Martin Luther was born on November 10, 1483, in Eisleben, a little town in Saxony, northern Germany. His parents were ordinary middle class people, but very religious. His father worked in the mines. Martin attended grade school in Mansfeld, and went to high school in Magdeburg and Eisenach. At the age of 17 he entered the University of Erfurt, and graduated with his Master’s Degree four years later, in 1505.
His father wanted him to study law, but Martin was more interested in religion. He therefore entered the Augustinian monastery at Erfurt in 1505, since he thought that being a monk was the best way to be sure of being saved. He was ordained as a priest in 1507. It was in the monastery that he found a Bible–the first Bible he had ever had a chance to read; and now he devoted all his spare time to studying the Scriptures.
In 1510 Martin was sent to Rome on monastery business. While on this trip he saw how corrupt the church of his day had become, and how ignorant the people were. After his return he continued his studies and was made a Doctor of Theology in 1512. Then he was called to become a professor at the University of Wittenberg, a position he held until he died.
At Wittenberg Luther lectured on the Bible, and it was there that he made his great “discovery”–that a person is not saved by his own good works, but by trusting in the merits and death of Jesus. This biblical teaching had been almost completely forgotten for several hundred years among the monks and priests of the church, simply because the Bible itself was seldom studied, even by the priests.
In 1517 another priest, John Tetzel, came to a nearby town in a province just beyond the border of Saxony on his mission of selling indulgences. People were told that by the purchase of these certificates of penance, which were a cancellation of works of penance, they could gain release from purgatory for themselves and even for friends or relatives who had already died. Luther then decided that he must without delay share with others what he had learned about the way to salvation. He published 95 theses (sentences) which showed how far the church had moved away from the teaching of the Bible. This was on October 31, 1517, which we now celebrate as Reformation Day because it marks the beginning of the great Reformation of the Church.
These theses were not favorably received by the church authorities, however, and Luther was sharply criticized. The Pope issued a ban, ordering him to be silent and to say or write no more on this topic. His writings were attacked by other leading men in the church. In 1519 Luther had a great public debate with a famous professor, Dr. Eck, in Leipzig; it was there that Luther boldly declared that the Pope and the church were teaching things contrary to the Bible.
The result of Luther’s criticism of the church was that the Pope excommunicated him in 1520 and ordered him to take back all that he had said. In 1521 Luther was required to appear before Emperor Charles V in the city of Worms, to be questioned about what he had said and written. Here he bravely stated that he would not take back any of his statements, since he was simply teaching what the Bible taught. Then the emperor issued the order making Luther an outlaw, subject to arrest and death.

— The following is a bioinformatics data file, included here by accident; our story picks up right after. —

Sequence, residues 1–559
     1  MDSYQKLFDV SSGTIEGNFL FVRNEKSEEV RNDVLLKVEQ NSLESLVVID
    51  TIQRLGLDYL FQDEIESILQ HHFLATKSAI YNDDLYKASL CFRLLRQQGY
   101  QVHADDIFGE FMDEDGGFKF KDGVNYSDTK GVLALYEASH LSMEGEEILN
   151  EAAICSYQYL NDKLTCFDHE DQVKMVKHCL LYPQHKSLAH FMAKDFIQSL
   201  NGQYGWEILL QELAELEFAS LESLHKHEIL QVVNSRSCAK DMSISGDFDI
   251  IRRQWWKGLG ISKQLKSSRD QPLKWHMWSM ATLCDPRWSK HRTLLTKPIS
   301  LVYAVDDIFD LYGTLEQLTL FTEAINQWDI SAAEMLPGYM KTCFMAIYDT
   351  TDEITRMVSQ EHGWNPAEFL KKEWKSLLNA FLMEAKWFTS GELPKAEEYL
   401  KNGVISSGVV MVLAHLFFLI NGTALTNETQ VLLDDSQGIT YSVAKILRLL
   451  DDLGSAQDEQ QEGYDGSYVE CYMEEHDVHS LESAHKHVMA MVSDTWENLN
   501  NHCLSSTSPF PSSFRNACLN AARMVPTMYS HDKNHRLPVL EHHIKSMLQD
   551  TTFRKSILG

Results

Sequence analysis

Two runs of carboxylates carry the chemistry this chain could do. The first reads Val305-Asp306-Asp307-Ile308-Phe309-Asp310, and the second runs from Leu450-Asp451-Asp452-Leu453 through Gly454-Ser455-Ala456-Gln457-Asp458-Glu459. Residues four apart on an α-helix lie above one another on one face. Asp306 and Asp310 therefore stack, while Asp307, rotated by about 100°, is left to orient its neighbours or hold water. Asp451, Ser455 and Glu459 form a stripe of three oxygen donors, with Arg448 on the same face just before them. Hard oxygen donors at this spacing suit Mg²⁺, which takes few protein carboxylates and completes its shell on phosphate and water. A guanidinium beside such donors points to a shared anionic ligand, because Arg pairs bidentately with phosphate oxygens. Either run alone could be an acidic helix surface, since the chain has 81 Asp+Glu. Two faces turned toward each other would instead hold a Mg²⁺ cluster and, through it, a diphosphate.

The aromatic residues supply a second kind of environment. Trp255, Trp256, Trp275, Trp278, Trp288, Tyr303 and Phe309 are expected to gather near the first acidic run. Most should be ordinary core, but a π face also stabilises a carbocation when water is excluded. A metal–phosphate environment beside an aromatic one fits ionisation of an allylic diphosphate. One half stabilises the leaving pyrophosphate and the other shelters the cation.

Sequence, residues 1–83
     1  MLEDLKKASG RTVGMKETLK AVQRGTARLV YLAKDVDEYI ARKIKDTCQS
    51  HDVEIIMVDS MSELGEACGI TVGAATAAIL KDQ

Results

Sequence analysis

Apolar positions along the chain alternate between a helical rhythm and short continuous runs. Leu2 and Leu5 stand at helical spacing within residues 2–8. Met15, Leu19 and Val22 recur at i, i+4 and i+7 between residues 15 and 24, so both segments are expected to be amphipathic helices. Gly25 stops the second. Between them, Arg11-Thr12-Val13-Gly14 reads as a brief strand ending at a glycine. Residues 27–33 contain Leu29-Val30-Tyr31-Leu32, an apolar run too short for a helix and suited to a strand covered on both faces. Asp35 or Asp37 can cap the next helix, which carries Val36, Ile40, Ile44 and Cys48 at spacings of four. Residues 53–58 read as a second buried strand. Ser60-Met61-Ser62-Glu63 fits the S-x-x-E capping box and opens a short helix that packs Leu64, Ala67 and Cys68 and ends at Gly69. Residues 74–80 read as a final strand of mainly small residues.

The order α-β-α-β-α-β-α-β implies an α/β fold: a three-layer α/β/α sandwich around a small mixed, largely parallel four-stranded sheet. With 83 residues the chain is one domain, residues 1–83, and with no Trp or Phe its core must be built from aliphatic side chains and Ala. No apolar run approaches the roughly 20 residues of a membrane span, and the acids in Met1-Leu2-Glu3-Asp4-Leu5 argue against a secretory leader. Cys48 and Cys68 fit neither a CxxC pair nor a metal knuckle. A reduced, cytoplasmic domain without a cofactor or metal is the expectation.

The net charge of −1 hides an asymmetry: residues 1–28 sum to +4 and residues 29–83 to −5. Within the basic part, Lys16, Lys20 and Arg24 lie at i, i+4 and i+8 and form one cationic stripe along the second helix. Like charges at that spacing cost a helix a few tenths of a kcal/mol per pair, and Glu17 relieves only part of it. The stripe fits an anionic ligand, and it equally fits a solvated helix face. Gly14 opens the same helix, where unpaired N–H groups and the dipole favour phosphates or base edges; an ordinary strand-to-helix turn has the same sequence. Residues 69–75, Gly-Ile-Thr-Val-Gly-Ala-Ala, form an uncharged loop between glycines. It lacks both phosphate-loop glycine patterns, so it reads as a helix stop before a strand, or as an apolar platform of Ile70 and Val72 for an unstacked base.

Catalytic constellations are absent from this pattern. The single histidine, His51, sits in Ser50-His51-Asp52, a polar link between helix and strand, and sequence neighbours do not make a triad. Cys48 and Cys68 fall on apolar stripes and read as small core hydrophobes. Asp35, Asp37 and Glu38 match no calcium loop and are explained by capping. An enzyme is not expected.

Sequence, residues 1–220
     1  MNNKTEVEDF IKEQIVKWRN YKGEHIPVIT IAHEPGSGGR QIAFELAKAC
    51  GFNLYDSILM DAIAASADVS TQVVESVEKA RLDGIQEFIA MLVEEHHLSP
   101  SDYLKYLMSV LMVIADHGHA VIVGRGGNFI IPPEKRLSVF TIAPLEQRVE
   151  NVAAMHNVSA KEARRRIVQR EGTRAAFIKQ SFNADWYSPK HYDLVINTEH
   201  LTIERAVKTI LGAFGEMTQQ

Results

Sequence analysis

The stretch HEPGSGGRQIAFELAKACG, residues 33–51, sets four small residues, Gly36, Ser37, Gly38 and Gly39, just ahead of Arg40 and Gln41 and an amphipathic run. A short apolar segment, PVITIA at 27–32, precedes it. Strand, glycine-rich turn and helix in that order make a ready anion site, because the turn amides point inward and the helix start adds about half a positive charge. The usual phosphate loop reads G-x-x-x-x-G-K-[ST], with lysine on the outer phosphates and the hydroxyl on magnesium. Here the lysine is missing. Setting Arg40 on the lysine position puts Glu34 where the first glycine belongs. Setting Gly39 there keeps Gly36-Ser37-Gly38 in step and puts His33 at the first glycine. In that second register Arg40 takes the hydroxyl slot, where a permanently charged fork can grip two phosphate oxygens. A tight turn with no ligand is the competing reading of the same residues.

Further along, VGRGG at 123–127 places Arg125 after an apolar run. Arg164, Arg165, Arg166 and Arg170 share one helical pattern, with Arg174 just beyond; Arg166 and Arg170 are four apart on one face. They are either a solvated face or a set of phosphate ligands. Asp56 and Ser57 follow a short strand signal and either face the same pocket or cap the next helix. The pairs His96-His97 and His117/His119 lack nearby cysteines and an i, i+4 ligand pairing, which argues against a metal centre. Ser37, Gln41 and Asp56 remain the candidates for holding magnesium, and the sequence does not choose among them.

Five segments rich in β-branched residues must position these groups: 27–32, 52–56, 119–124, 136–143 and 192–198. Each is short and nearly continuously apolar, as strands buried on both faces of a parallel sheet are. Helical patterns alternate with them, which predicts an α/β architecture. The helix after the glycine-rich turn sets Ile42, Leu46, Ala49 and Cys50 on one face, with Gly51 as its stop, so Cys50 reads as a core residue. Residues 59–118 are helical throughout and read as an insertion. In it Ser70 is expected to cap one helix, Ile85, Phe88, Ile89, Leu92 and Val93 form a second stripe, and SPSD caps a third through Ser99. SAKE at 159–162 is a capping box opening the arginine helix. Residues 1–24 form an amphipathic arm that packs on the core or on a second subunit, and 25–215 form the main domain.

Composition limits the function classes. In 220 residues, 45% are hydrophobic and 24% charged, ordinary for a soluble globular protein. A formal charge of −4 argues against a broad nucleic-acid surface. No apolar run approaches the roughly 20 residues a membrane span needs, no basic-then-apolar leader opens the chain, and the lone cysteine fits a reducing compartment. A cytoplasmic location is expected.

However, the Elector of Saxony, Prince Frederick, was a great admirer of Luther and would not permit the Emperor’s men to arrest him anywhere in Saxony. Luther therefore stayed in Saxony, spending all his time in teaching, counseling and writing.
In 1522 Luther translated the entire New Testament from Greek into German to replace a number of inadequate translations of the official Latin Bible. In 1534 he completed the translation of the Old Testament from the Hebrew language.
In his concern for the pure Gospel, which he had learned from the Scriptures, Luther visited all the churches in Saxony. On this trip in 1527 he learned that most of the priests did not know very much about the Bible or the way of salvation, and that the people were terribly ignorant. The result was that in 1529 he published his Small Catechism, so that the priests and the people would have a clear, simple summary of the main teachings of the Bible.
In 1530 Luther and some of his co-workers were asked to write out a complete statement of what they believed, so that the emperor could determine what their doctrine really was. This document was then delivered to the emperor in the town of Augsburg on June 25th and has ever since been known as the Augsburg Confession. This is still the basic statement of what Lutherans believe.
For the next sixteen years Luther continued to be very busy. He taught his classes at the university; he preached several times a week; he wrote hymns, articles, books and letters–so many that his writings fill more than fifty large volumes in English. He died on February 18, 1546, at the age of 62, in Eisleben, where he had been born–one of the greatest servants God has given to His Church.
-ELS Catechism and Explanation, pp. 214-215